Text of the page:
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Overcoming the hurdle of Foot and Mouth Disease

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Added 30th July 2019 02:41 PM

Complete eradication of FMD is impossible due to various technical, financial and logistical reasons

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Complete eradication of FMD is impossible due to various technical, financial and logistical reasons

By Medard Kakuru

Uganda has a great potential of earning foreign exchange from exporting beef. The country’s Uganda’s beef is on high demanded in the global market because of its low cholesterol and fat content. In addition, the global increase in population has further increased the demand for beef both locally and globally.

However, Uganda is not taking advantage of these market opportunities. One of the main reasons limiting access to foreign lucrative markets is the issue of transboundary diseases (TBDs), and Foot and mouth disease (FMD) in particular. The frequent occurrences of FMD outbreaks threaten the livestock industry and livestock product exports. The cost of FMD is two-fold: death of animals and low milk production in infected animals; and loss of export trade due to rejection of products from a disease-infected country.

FMD is a global concern in the Office of international animal health (OIE) which requires that countries with FMD outbreaks take extreme control measures such as routine vaccination campaigns and restricting animal movements. In Uganda, the usual practices in case of an outbreak include vaccination, isolation and imposing cattle movement bans.

However, these practices have not been effective in eradicating FMD for a number of reasons: the inefficient and inadequate veterinary extension system, insufficient and inappropriate vaccines and the difficulty of controlling animal movements across national, borders, district and regional boundaries; and the informal trade of livestock within and between neighboring countries.

The veterinary work force is not sufficient to carry out comprehensive vaccination programs. Due to insufficiency, vaccination is only done when there are outbreaks and done only in infected areas and in most cases, not the whole herd. Research shows that only 10.3 % of the cattle within districts that reported FMD outbreak are vaccinated.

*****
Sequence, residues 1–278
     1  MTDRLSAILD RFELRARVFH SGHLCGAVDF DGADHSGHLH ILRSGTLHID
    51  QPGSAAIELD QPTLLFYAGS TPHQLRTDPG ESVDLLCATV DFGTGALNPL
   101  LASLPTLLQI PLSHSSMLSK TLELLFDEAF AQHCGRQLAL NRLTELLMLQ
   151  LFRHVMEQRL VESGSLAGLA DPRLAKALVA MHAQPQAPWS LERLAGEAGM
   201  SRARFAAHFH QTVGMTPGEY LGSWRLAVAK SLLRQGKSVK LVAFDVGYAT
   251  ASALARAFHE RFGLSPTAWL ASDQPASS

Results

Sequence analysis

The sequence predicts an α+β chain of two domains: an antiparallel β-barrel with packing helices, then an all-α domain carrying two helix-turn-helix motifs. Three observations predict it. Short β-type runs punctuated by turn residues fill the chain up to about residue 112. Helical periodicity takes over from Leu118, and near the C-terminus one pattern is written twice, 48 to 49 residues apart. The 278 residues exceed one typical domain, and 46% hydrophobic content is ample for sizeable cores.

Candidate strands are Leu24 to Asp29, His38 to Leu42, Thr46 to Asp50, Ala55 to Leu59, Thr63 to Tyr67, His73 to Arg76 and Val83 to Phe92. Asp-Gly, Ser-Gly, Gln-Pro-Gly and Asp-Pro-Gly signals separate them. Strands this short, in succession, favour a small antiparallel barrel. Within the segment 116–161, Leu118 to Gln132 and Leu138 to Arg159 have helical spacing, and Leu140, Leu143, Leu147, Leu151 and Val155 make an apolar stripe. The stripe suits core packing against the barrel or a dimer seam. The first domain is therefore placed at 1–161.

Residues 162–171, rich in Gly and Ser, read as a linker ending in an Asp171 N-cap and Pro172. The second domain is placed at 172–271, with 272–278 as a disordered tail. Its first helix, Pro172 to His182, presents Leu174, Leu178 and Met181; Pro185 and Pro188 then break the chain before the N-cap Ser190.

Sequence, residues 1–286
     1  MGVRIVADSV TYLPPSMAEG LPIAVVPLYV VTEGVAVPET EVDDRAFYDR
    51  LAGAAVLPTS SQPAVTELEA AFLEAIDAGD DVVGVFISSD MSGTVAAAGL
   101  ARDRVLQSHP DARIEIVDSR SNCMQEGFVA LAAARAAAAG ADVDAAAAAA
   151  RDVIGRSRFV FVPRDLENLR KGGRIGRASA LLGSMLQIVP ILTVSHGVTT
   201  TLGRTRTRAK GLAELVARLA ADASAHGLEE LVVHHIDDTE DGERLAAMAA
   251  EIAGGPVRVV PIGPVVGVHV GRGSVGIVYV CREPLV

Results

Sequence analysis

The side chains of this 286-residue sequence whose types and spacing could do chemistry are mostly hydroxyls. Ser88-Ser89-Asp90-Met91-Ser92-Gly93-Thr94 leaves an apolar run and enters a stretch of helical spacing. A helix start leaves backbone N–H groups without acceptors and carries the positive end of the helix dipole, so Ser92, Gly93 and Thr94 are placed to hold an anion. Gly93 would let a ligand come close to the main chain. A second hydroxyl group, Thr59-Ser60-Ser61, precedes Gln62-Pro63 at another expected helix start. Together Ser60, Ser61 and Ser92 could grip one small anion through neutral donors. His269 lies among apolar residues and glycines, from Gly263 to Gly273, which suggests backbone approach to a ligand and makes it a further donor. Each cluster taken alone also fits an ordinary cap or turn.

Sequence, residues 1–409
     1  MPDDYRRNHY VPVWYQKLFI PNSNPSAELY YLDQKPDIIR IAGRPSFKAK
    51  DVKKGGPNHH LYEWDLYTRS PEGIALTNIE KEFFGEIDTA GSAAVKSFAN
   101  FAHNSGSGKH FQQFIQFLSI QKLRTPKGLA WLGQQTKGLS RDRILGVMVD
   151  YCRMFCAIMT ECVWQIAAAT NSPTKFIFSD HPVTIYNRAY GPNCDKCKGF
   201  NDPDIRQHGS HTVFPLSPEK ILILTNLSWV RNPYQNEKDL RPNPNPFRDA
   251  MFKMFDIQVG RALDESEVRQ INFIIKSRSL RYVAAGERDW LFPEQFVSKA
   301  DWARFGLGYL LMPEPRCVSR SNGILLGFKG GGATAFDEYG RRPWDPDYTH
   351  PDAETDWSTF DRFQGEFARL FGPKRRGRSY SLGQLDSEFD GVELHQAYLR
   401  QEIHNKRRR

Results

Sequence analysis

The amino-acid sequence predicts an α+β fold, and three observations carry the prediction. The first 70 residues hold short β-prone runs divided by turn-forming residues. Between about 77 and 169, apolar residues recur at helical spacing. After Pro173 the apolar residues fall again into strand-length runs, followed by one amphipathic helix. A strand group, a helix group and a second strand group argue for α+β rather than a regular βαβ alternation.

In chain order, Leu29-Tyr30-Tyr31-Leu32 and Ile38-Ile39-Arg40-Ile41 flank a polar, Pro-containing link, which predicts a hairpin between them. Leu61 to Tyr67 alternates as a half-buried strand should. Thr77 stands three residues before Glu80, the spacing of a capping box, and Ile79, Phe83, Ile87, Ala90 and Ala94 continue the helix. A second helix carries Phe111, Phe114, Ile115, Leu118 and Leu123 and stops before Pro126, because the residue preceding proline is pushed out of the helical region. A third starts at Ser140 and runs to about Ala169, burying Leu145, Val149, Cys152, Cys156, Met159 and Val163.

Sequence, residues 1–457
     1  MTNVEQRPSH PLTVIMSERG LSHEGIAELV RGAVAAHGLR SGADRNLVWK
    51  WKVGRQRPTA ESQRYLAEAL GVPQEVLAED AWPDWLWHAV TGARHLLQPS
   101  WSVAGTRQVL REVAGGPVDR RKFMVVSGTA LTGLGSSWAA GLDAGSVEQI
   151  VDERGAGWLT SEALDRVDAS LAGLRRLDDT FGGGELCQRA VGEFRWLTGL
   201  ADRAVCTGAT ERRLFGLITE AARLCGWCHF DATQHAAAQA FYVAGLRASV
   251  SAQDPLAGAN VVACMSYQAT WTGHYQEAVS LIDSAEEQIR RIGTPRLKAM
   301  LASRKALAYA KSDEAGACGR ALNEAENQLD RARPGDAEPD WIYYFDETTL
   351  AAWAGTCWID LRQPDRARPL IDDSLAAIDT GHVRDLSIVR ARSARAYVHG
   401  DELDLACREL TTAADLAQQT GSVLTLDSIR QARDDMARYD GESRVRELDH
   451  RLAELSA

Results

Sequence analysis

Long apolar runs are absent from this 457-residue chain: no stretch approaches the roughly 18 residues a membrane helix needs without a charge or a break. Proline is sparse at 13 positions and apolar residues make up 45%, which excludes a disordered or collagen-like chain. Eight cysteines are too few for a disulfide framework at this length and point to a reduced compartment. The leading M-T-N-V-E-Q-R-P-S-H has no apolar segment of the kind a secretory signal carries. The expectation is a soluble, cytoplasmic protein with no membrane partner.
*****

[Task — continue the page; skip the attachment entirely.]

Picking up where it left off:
The recommended practice would be to launch a vaccination program countrywide to cover at least 90% of the national herd and this should be done twice and before the outbreak but this is too costly for Uganda. My opinion is that the recent ban of all FMD vaccines on the Ugandan market and the subsequent ordering of fresh FMD vaccines directly from manufacturers may not solve the problem given the aforementioned limitations. Worth noting also is that even if the vaccines are procured and vaccination programs are effectively executed, it does not guarantee acceptance of beef products in the global market.

The Sanitary and Phytosanitary (SPS) agreement of the World Trade Organization (WTO) recommends disease-free zones (DFZs) as a strategy that can be used by FMD-infected countries to produce livestock products that meet international standards. DFZs are sub-units demarcated by government on the basis of the level of cattle disease incidence with various disease control measures being applied in the different subunits. With disease zoning, it is possible to secure a disease-free area in an otherwise infected country.

The OIE recognizes parts of a country (rather than the country) as disease-free and products from those parts are considered safe. An additional advantage of DFZs is that they all serve to fulfil the WTO rules-of-origin or geographical labelling requirements by informing consumers of the production methods and sites in order to mitigate uncertainties on product quality and safety.

The rationale for acceptance of livestock products from a DFZ is that there are strict and intensive disease surveillance programs within the zone(s). Within a DFZ, it is mandatory for all livestock keepers to comply with disease prevention/control measures like controlled grazing; no movement of animals to or from a DFZ during an outbreak; regular disease surveillance and prompt reporting of outbreaks; compulsory vaccination of all cattle twice a year; slaughter and disposal of all infected cattle in case of an outbreak; registration and identification of cattle to enhance traceability. These measures cannot be effectively implemented in the whole country.

In conclusion, complete eradication of FMD is impossible due to various technical, financial and logistical reasons. In addition, successful implementation of vaccination programs cannot guarantee acceptability of Uganda’s livestock products. I therefore recommend establishment of disease-free zones and let all the vaccination programs be executed within the zones. The DFZ strategy has been successfully used in other beef exporting countries including Botswana, Namibia and Brazil.

I therefore advise government to pick a leaf from these countries.

The author is a research analyst at the Economic Policy Research Centre (EPRC)

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